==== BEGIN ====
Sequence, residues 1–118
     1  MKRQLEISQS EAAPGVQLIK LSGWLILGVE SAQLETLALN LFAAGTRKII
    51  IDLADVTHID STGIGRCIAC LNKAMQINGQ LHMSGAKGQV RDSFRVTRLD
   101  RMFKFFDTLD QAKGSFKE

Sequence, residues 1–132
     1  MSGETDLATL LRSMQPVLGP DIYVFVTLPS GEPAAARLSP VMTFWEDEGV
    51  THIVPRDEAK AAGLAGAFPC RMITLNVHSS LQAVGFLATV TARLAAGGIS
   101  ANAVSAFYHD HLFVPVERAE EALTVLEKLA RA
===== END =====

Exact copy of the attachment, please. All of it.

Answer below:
Sequence, residues 1–118
     1  MKRQLEISQS EAAPGVQLIK LSGWLILGVE SAQLETLALN LFAAGTRKII
    51  IDLADVTHID STGIGRCIAC LNKAMQINGQ LHMSGAKGQV RDSFRVTRLD
   101  RMFKFFDTLD QAKGSFKE

Sequence, residues 1–132
     1  MSGETDLATL LRSMQPVLGP DIYVFVTLPS GEPAAARLSP VMTFWEDEGV
    51  THIVPRDEAK AAGLAGAFPC RMITLNVHSS LQAVGFLATV TARLAAGGIS
   101  ANAVSAFYHD HLFVPVERAE EALTVLEKLA RA